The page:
James Van Der Zee (June 29, 1886 – May 15, 1983) was an African-American photographer best known for his portraits of black New Yorkers. He was a leading figure in the Harlem Renaissance. Aside from the artistic merits of his work, Van Der Zee produced the most comprehensive documentation of the period. Among his most famous subjects during this time were Marcus Garvey, Bill "Bojangles" Robinson and Countee Cullen.
Born and raised in Lenox, Massachusetts, VanDerZee obtained his first camera as a teenager and taught himself to take and develop photographs using family and friends as subjects. In 1905, he moved to New York and worked odd jobs for several years before becoming a darkroom assistant to a photographer in a Newark department store. VanDerZee quickly advanced from the darkroom to the portrait studio, and in 1911, his sister Jennie invited him to open a photography studio as an adjunct to the Toussaint Conservatory of Art and Music, which she operated out of her brownstone on 125th Street. In 1916, VanDerZee opened his own studio located at 109 125th Street, called the Guarantee Photo Studio (incorporated as the G.G.G. Photo Studio in 1928), and rapidly established himself as Harlem’s preeminent photographer.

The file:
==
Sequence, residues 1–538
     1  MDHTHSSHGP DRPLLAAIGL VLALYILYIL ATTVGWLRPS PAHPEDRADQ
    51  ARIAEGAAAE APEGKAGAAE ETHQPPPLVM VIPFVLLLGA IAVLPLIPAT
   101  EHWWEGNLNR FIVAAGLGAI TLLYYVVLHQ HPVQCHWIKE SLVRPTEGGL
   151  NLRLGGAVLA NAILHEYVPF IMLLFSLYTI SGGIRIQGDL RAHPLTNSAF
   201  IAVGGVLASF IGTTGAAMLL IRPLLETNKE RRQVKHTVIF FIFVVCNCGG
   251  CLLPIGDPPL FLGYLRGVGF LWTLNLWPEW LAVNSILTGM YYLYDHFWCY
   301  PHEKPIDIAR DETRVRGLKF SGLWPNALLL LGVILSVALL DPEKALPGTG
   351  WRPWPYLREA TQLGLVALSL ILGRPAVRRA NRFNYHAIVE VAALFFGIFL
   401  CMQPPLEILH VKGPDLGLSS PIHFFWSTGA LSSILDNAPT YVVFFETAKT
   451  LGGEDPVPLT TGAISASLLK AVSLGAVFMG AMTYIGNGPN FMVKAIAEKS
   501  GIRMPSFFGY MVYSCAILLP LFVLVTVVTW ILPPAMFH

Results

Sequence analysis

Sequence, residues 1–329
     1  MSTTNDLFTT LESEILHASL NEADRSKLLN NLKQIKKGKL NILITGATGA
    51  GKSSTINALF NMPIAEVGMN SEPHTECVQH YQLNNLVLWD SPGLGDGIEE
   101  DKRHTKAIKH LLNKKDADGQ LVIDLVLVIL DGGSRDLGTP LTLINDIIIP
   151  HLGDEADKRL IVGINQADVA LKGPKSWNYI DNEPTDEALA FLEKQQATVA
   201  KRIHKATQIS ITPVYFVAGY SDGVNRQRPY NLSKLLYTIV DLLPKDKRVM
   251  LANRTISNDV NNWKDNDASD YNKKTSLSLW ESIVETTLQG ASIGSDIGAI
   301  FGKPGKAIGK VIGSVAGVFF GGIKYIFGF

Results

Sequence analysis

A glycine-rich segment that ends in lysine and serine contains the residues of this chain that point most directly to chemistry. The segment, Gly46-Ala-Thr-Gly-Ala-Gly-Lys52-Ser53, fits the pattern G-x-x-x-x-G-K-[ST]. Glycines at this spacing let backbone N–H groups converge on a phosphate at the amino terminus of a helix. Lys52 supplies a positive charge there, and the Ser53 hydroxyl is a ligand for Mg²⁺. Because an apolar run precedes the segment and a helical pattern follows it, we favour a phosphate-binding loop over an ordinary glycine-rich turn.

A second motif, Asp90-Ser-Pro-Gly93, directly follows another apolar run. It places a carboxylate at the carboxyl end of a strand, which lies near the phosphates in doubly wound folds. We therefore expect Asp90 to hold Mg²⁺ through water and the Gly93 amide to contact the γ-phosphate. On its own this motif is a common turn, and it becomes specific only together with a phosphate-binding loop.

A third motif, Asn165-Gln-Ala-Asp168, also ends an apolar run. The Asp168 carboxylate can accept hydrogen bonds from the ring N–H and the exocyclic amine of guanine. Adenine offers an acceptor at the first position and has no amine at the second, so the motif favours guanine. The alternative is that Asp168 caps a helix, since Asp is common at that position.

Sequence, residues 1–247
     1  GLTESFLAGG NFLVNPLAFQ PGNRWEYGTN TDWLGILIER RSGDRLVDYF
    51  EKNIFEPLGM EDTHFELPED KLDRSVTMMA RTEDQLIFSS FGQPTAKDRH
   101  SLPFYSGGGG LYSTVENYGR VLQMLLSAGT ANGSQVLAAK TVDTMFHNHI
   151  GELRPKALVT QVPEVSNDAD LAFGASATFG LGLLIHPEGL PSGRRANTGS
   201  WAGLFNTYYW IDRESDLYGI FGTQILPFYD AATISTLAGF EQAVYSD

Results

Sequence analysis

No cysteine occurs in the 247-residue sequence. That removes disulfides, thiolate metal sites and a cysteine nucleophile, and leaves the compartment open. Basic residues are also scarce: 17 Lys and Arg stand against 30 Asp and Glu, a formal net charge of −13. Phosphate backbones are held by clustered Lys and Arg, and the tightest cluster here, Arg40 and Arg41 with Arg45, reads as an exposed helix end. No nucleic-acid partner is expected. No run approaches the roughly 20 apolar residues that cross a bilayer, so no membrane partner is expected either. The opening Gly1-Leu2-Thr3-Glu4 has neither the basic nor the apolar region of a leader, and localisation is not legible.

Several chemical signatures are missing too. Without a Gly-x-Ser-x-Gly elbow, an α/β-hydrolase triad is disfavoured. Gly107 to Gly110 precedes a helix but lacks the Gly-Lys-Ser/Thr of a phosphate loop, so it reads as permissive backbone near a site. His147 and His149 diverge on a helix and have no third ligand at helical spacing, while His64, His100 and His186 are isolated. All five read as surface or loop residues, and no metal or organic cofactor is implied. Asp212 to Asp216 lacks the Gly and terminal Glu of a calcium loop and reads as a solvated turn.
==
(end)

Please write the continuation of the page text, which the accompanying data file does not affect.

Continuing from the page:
Size: 6 x 10 1/4 inches
Publisher: Michael Rosenfeld Gallery
Publication Date: 2002